Mike B

A fat tax should not be intended to prevent obesity,but to societal cost of obesity. It is never in government's best interest to go down the nanny state route to protect people from their own choices, however the government should seek to recoup the societal costs of personal choices. If that cost recover helps make people make better choices then so much the better.


OK I'm sorry but no one has stated the obvious in reply to this comment so I suppose I will:

I'm completely with you on the "some fats are good for you and not all fats are created equal" mantra. Eating an avocado or using olive oil, both of which contain healthy mono and polyunsatured fats is very different from eating a candy bar and far better for you than consuming lower fat but processed items.

That being said, BUTTER AND BACON are HEALTHY??? I can hardly wipe my jaw from the floor. I can't think of any two items more likely to cause heart disease and expand your wasteline! I'm sorry but if you consume 2500 calories of bacon and butter as you suggest you will look like death at the end of a year.

You completely contradicted yourself by saying the gov't doesnt understand differences in fat and what causes heart disease and then offering 2 items laiden with heart attack causing saturated fat which you seem to think is harmless.



:) Tell me how butter and bacon cause heart disease? Let me quickly preempt that by assuming you're going to talk about saturated fats and cholesterol. If so....

It's not true. Most people suffering heart attacks have low cholesterol. I could point you to plenty of sources but this is a decent one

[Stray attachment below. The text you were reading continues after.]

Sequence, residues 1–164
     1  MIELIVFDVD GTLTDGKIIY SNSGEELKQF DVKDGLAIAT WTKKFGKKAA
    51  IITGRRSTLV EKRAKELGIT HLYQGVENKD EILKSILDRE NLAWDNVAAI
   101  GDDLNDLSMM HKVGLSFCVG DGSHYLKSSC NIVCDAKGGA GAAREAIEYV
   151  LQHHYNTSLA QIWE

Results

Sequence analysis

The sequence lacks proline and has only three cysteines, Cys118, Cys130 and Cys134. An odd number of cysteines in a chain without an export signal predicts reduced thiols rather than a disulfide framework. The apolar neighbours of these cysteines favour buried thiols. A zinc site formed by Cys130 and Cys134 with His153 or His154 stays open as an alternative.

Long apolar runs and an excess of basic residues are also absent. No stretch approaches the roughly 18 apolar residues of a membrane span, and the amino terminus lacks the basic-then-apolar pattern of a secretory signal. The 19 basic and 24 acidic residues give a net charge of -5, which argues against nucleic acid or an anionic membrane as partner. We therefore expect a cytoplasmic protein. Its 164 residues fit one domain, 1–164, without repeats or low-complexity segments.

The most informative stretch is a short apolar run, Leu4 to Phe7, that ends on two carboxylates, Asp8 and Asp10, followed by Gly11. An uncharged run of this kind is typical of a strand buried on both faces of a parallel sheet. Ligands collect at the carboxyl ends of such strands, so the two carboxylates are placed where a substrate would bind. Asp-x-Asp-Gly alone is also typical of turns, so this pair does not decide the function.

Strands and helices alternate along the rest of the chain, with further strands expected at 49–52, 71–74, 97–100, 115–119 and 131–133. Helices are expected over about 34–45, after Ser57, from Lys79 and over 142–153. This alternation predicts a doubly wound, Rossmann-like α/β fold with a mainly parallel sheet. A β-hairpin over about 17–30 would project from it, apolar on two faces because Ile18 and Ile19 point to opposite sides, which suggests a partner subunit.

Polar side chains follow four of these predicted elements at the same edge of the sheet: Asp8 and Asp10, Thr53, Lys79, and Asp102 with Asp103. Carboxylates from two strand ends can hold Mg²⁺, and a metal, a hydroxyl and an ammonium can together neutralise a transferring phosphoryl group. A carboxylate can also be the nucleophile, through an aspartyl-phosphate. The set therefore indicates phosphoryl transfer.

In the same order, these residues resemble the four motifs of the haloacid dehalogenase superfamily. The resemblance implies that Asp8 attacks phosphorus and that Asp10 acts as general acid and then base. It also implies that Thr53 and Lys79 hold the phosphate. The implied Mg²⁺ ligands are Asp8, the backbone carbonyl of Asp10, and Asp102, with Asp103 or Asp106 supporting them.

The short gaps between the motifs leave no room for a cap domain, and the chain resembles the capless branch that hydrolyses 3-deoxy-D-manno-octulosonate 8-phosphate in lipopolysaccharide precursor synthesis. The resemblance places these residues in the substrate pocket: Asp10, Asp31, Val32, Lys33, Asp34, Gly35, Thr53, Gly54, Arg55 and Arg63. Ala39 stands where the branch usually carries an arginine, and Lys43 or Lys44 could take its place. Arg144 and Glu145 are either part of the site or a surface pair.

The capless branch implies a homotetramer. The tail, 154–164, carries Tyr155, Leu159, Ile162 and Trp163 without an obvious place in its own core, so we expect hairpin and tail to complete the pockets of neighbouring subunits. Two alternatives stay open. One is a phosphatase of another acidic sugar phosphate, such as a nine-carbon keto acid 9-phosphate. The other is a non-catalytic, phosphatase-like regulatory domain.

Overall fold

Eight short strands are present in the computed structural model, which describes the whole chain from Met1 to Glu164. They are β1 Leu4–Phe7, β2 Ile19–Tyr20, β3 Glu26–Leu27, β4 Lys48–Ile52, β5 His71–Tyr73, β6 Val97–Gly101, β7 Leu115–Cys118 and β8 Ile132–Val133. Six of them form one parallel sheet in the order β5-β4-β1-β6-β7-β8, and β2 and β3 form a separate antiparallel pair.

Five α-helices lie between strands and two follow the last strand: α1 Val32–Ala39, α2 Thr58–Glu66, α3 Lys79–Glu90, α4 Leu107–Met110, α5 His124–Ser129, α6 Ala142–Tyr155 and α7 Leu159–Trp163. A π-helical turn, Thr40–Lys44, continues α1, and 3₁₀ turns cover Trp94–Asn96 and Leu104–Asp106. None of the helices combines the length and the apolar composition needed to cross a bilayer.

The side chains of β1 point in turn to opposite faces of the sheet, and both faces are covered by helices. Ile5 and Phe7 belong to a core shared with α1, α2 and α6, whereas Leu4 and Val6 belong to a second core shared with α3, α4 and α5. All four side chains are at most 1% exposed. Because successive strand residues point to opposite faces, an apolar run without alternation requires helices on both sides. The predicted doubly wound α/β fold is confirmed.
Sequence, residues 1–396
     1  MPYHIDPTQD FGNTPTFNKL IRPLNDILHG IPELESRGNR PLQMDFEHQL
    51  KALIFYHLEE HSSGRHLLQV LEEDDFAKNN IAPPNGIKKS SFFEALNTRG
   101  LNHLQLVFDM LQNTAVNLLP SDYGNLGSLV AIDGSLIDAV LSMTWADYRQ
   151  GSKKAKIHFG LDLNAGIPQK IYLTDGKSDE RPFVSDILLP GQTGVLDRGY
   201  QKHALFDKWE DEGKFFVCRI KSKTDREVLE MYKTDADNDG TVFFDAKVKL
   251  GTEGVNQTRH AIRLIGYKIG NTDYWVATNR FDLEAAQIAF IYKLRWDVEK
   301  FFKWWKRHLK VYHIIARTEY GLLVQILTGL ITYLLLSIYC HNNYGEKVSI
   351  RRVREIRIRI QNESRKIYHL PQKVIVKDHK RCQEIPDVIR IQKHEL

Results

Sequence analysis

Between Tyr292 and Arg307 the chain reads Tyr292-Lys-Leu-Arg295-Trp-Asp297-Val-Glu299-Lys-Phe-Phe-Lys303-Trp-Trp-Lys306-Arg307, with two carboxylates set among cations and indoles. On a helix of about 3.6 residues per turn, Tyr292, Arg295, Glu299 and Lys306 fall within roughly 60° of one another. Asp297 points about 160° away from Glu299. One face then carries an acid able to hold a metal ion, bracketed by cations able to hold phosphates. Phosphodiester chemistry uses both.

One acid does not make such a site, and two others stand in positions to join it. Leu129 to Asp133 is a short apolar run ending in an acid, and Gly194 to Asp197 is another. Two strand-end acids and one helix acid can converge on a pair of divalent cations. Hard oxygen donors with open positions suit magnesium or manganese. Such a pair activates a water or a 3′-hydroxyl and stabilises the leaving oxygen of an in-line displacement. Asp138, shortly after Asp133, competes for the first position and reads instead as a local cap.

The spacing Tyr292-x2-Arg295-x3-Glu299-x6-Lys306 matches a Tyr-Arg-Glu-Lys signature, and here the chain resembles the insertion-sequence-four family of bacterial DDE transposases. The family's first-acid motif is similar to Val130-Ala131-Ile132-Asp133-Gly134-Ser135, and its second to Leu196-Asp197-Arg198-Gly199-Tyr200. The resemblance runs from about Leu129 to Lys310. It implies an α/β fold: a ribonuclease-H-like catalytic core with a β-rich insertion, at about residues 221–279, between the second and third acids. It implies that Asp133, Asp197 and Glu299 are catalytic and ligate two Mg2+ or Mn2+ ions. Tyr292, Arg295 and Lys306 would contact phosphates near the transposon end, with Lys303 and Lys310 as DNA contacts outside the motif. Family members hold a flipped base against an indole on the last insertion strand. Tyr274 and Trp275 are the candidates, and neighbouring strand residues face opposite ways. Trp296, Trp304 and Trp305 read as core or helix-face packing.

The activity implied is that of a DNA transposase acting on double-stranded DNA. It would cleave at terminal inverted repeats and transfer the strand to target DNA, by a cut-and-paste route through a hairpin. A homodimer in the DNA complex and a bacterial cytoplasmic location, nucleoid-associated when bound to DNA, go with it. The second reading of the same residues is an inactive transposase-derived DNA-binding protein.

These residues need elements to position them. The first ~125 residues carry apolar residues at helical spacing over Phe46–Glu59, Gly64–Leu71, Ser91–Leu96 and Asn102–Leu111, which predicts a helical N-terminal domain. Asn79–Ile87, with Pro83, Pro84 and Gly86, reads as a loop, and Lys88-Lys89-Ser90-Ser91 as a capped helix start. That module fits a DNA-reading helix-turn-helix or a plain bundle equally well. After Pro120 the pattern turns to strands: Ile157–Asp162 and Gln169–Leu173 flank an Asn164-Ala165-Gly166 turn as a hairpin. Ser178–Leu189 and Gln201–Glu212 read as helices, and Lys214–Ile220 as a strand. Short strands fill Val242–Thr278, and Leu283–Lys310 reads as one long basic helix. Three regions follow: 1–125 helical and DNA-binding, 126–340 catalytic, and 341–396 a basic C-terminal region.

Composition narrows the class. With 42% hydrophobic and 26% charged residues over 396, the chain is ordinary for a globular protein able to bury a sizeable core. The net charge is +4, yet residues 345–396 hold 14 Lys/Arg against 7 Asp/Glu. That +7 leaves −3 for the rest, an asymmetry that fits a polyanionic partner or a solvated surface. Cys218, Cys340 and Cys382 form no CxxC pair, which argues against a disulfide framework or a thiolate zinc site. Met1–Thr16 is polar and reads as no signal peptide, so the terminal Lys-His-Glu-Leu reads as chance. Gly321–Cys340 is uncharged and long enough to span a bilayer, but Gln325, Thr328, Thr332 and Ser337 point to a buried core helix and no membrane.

This is a very interesting article from a highly renowned heart surgeon on the matter, definitely worth reading:

People like chris Kresser can give you plenty of info on this.

Robb Wolf is another source

If you're not talking about cholesterol and high saturated fats causing heart disease and there's another method then sorry for the above and go ahead, I'll try and answer that.



we already have a 'fat' tax since most basic foods (milk, bread, butter, coffee) are sales tax free in the grocery store. while most 'prepared' food (tv dinner, take out) is taxed.

anyways we are fatter than ever and living longer than ever...

Bjorn Roche

Seriously? We subsidize foods like corn, artificially reducing the price of corn syrup to below the price of refined sugar, and then we want to tax fatty foods? That's insane.

Steve Nations

You say "fat tax," I say "nanny state tax." No thanks.

In the book "Wheat Belly" author William Davis makes a good argument that wheat has been modified so greatly over the decades to make it more tolerant of bugs, pests, drought, etc. that it now isn't very good for you. The body turns it directly into sugar very quickly, so it turns to fat.